The fact that the state university housing the servers that are at the center of a case over the security of Georgia’s election system wiped them clean of all data is both an outrage and extremely suspicious. If a pending state investigation into this breach at the Center for Elections System at Kennesaw State University shows that laws were broken, then Georgia Attorney General Christopher Carr shouldn’t hesitate to file charges. The sanctity of Georgia’s ballot box and its elections records must be protected. Our democracy is based on free and fair elections. The public must have confidence that the process is safe and secure. According to The Hill newspaper in Washington, the servers in question had been in the possession of the Center for Elections System, which runs Georgia’s election system on a contract basis. On July 3, a diverse group of election reform advocates filed suit, alleging that Georgia’s election system was flawed and could potentially be rigged. The plaintiffs want to scrap the state’s 15-year-old vote-management system, particularly its 27,000 AccuVote touchscreen voting screens, which are used in Chatham County and elsewhere, that don’t employ paper ballots or keep hardcopy proof of how voters voted. They allege these machines are hackable.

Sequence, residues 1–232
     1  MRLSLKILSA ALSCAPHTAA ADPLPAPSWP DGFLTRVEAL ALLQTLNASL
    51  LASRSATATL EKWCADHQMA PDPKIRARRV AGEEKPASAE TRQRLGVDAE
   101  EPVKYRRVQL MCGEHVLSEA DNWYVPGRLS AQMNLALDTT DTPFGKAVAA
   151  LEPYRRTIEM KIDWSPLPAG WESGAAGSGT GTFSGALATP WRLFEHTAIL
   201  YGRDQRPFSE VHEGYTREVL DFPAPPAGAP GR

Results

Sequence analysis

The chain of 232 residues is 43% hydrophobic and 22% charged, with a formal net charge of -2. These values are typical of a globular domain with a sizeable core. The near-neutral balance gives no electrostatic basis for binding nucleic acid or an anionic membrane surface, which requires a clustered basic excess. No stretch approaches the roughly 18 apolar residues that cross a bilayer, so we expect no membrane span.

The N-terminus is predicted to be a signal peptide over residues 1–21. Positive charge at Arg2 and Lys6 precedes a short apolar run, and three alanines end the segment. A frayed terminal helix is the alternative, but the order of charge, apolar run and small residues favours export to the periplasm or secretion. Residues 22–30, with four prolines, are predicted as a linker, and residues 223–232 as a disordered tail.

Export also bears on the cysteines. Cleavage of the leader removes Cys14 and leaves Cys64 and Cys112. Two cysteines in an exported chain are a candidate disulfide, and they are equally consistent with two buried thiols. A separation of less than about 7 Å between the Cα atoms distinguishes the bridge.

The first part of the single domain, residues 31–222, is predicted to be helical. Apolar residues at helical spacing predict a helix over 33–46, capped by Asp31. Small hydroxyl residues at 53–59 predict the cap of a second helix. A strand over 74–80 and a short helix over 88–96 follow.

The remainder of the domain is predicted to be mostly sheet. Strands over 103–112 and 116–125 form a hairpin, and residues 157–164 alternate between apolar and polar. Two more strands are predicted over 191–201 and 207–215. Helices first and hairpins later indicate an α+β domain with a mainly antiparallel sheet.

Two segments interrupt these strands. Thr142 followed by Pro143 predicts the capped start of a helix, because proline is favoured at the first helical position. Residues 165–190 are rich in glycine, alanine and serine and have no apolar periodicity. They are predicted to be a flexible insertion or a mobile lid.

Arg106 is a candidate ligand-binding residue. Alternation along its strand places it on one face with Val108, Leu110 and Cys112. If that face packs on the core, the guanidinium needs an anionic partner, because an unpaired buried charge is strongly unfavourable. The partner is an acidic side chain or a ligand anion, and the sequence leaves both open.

The fact that the evidence that could have proven or disproven this disturbing allegation has been wiped clean from the computers at Kennesaw State is certainly suspect and seems to suggest that someone may have something to hide. According to The Hill, the hard drives on the servers were erased July 7. The fact that someone could seem to pull this off so easily after the state’s voting system was placed in the spotlight only days earlier is alarming and raises other questions about the safety of records held by the state.
Is anything sacred? After what happened at Kennesaw, the answer may be a resounding “no.”
For his part, Georgia’s Secretary of State, Brian Kemp, who’s responsible for the state’s election system, said his office was not involved in wiping the servers of data and had no warning that it was coming. Maybe not. But the buck still rests on Mr. Kemp’s desk. And the “I know nothing” defense, is not particularly convincing or reassuring.